Tuesday, November 2, 2010

Project Restore to renovate Barnsdall Park's Hollyhock House

Restoration work on Frank Lloyd Wright's Hollyhock House

My article from November 2010's Los Feliz Ledger:

EAST HOLLYWOOD—By the end of 2010, a long-planned restoration of Hollyhock House should get underway.

A public/private partnership, “Project Restore” is the non-profit organization that will oversee construction at the house that includes improvements to the historic garage and seismic retrofitting and foundation work at the house as well fixes to leaking roofs. The $4.359 million allocated for improvements is a combination of state funds, a grant from the National Park Service via Save America’s Treasures program, seismic bond funds and Quimby fees from the city. These funds are not from the city’s general fund, thus the project is not subject to the same budget cuts facing the other facilities in the park.

Per Kevin Jew, project manager for Project Restore, the Hollyhock House garage will be upgraded first so that it can serve as an on-site construction office.  Already, initial steps have been taken at the house including the positioning of steel posts (photo above) that will anchor a temporary roof above the patio just off the living room. Portions of the roof have been sheathed in metal to prevent further water damage; those roofs will also be fixed.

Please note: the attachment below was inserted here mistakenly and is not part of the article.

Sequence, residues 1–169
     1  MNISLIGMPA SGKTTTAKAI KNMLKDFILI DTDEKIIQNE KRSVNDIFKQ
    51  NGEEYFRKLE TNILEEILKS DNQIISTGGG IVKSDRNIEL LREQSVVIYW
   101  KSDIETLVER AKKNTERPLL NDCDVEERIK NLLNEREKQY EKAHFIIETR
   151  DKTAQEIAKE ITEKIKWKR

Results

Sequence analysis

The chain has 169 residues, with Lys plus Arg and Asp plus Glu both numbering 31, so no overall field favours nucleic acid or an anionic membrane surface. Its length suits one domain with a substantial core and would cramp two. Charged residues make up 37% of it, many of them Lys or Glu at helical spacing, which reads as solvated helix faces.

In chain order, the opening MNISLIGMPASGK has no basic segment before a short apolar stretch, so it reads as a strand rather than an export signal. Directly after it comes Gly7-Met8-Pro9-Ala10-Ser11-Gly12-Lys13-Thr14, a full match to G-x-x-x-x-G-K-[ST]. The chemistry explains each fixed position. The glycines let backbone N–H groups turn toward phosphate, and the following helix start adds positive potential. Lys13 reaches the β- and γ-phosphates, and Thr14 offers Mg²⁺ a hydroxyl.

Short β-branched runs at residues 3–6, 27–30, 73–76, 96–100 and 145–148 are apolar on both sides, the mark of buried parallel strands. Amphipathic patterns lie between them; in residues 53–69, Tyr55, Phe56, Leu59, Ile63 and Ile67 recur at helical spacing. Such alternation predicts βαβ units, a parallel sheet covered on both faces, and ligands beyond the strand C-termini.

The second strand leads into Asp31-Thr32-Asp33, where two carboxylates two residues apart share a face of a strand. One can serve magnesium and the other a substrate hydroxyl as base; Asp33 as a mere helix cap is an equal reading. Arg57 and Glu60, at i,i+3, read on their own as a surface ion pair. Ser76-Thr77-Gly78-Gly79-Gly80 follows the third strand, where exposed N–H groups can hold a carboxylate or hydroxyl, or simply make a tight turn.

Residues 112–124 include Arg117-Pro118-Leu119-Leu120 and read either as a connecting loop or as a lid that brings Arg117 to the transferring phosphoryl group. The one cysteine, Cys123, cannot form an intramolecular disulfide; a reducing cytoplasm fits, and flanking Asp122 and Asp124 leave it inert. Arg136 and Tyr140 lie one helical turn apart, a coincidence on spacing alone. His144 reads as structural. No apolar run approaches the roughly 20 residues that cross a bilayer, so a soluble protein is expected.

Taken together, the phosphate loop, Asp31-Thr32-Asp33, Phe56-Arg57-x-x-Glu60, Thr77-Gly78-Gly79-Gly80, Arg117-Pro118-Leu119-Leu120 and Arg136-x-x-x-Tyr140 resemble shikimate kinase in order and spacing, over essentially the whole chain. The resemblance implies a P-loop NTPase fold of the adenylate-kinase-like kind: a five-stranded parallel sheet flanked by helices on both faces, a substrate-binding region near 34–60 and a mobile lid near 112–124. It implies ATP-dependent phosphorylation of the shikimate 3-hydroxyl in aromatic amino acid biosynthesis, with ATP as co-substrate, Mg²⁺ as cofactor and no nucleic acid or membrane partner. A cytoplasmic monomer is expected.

Say goodbye to the 80+ year old Canary Island pine at Hollyhock House
One major and highly visible step will be the removal of a stately Canary Island pine on the house’s western facing side.  The tree’s roots are damaging retaining walls, according to Jew. Curator Jeffrey Herr confirmed that he is committed to keeping the house open for public tours, which may be re-routed somewhat for public safety’s sake.  The renovation will not be completed until late 2013. Summertime’s Friday afternoon wine tasting events, in conjunction with Silver Lake Wine, should not be impacted.

Remaining in a state of limbo: restoration work and the re-opening of Residence A, for decades home to adult art classes. An historic structures report was completed by the city in 2009 that estimated the cost of structural maintenance and restoration at $1.9 million. Funds for that restoration project are not yet in place.